Important and can present as an emergency. In a curriculum based review this month Imam and Haboubi discuss ocular manifestations of gastrointestinal disease including epidemiology, detailed description of the clinical features including useful images, treatment and complications. In Inflammatory Bowel Disease this includes episcleritis, scleritis, uveitis and cataract (secondary to steroids). Episcleritis (the most common) mirrors disease activity and improves with disease control. Less common are scleritis (including posterior sclera which can result in visual loss and may be complicated by retinal detachment or optic neuritis) and uveitis which require prompt recognition and treatment. Other conditions discussed include Keratoconjunctivitis Sicca (dry eye), Optic Disc Drusen (Alagille Syndrome), Kayser Fleischer rings (Wilson's Disease), Xanthelasma (primary biliary cirrhosis, chronic liver disease, hyperlipidaema). The authors also discuss ophthalmological manifestations of vitamin A deficiency including xerophthalmia, night blindness, Bitot’s spots, keratitis and keratomalacia. There are multiple gastrointestinal causes of vitamin A deficiency and treatment is with vitamin A and treatment of the underlying cause although prognosis is variable. The article is essential reading for trainees and a useful and practical update for clinicians in practice. ( See p age 162 )
Development and implementation of a commissioned pathway for the identification and stratification of liver disease in the community
The need to detect liver disease early to allow intervention and potentially change the course of the disease is uncontroversial. In this issue Chalmers and colleagues describe the development and implementation of the Nottingham liver disease stratification pathway. Patients were referred to the pathway with a raised AST/ALT ratio, harmful alcohol use or risk or presence of non-alcoholic fatty liver disease. Intervention was transient elastography (TE) to look at liver stiffness and brief lifestyle intervention. This was in primary care with advice on interpretation and referral guidance (figure 1 in the paper). 222 of 968 patients referred had raised TE with 57 having liver stiffness indicative of advanced chronic liver disease, some of whom would have been missed using standard referral criteria. The pathway proved feasible and effective with the potential to improve early detection rates and stratify referrals for specialist input. The model could easily be adopted in other settings. There is an excellent accompanying commentary – On the path to developing significant liver disease. ( See pages 84 and 86 )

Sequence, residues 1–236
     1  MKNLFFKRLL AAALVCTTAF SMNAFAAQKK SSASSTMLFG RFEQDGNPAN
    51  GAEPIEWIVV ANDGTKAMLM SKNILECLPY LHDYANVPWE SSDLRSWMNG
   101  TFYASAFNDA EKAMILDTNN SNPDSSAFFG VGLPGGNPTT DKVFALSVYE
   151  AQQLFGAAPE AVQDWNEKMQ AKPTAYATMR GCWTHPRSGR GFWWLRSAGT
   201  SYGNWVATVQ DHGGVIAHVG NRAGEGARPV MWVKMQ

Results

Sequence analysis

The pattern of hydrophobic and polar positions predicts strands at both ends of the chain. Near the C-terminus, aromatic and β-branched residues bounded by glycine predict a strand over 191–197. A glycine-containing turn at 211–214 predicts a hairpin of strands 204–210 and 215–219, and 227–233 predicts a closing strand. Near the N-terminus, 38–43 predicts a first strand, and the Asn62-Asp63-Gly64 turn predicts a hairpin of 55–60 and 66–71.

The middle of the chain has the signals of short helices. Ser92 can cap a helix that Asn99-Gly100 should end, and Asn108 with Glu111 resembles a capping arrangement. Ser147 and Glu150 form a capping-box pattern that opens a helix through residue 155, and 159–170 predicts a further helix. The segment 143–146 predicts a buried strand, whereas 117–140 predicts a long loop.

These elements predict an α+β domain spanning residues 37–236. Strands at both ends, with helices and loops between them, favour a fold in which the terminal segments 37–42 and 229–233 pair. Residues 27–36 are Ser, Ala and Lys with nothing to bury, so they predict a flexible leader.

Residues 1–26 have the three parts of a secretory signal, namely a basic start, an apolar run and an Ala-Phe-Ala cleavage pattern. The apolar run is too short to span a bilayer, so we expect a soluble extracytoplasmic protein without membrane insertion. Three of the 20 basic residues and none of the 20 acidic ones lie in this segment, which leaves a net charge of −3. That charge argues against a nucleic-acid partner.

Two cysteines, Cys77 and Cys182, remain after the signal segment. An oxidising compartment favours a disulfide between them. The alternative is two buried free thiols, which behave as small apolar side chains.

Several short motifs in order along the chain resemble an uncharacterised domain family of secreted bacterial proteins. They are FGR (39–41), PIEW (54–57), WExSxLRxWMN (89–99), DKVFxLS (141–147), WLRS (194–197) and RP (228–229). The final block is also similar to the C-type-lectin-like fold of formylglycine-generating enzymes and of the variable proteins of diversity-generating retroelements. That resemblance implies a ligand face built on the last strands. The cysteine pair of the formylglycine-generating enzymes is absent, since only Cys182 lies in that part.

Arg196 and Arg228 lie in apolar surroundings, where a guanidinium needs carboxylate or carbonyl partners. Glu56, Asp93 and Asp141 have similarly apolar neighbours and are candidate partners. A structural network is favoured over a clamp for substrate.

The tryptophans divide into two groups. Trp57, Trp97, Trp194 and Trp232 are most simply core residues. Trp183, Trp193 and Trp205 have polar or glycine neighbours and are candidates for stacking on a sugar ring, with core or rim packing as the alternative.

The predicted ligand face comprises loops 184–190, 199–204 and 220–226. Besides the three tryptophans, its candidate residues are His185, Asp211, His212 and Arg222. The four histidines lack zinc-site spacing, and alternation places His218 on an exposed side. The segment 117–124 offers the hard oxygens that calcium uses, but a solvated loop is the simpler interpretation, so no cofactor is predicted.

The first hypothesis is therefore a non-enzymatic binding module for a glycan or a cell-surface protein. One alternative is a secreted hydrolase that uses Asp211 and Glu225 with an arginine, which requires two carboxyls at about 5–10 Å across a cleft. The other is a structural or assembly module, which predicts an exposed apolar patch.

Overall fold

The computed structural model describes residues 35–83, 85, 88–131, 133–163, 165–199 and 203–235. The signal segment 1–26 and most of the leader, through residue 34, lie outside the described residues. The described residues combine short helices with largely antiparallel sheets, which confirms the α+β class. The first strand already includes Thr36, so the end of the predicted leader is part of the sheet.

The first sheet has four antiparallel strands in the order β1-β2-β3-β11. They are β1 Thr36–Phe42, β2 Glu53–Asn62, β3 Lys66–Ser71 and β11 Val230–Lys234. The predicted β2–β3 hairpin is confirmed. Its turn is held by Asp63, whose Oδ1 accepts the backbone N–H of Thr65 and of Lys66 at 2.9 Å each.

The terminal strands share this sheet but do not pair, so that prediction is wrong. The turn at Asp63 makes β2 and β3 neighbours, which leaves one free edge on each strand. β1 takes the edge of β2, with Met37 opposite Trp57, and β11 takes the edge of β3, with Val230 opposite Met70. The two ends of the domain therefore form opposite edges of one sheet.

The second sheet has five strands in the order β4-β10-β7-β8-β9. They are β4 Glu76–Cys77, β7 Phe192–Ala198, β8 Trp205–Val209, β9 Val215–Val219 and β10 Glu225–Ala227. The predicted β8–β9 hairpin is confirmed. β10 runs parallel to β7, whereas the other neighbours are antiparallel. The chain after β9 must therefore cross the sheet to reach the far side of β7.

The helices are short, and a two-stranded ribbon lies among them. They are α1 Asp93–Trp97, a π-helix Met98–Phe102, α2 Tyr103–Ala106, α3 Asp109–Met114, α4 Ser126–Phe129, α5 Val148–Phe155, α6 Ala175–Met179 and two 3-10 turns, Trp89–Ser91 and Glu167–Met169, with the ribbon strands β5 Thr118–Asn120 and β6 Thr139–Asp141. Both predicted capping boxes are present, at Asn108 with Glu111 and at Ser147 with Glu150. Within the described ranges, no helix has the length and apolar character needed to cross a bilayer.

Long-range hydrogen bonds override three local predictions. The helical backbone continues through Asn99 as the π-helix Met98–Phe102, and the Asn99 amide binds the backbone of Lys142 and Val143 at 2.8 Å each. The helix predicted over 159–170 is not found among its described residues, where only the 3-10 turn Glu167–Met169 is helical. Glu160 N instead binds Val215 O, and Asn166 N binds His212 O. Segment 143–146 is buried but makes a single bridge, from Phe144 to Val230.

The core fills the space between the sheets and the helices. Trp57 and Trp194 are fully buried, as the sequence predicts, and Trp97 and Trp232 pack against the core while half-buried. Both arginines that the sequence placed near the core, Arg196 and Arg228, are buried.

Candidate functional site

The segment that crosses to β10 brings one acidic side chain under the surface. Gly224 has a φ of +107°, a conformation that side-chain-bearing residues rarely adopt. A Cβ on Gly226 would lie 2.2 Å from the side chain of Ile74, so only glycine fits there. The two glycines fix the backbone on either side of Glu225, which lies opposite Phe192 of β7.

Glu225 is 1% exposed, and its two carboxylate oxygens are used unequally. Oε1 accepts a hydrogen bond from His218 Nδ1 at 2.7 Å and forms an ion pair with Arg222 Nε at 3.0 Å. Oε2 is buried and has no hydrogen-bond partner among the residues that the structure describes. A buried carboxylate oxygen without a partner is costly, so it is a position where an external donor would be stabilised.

Paediatric parenteral nutrition – current issues
Parental Nutrition (PN) has transformed the prognosis of infants and children with intestinal failure with significant advances in the field over the last 10–15 years. In this issue Elena Cernat and John Puntis discussed the principles and practice and summarise recent guidance from the European Society of Paediatric Gastroenterology, Hepatology and Nutrition (ESPGHAN) and the European Society for Clinical Nutrition and Metabolism (ESPEN). There are useful sections PN components – energy, amino acids, lipid, carbohydrate, fluid and electrolytes, micronutrients and vitamins. This includes energy requirements and when to start PN (can potentially delay for up to a week in critically ill children), avoidance of soybean oil emulsions and use of composite emulsions with or without fish oil if PN is required for more a few days and the use of Taurolodine line locks to reduce catheter related sepsis in children on long term PN. The guidance is useful, practical and up to date. ( See p age 148 )
Funding The authors have not declared a specific grant for this research from any funding agency in the public, commercial or not-for-profit sectors.
Competing interests None declared.
Patient consent for publication Not required.
Provenance and peer review Not commissioned; internally peer reviewed.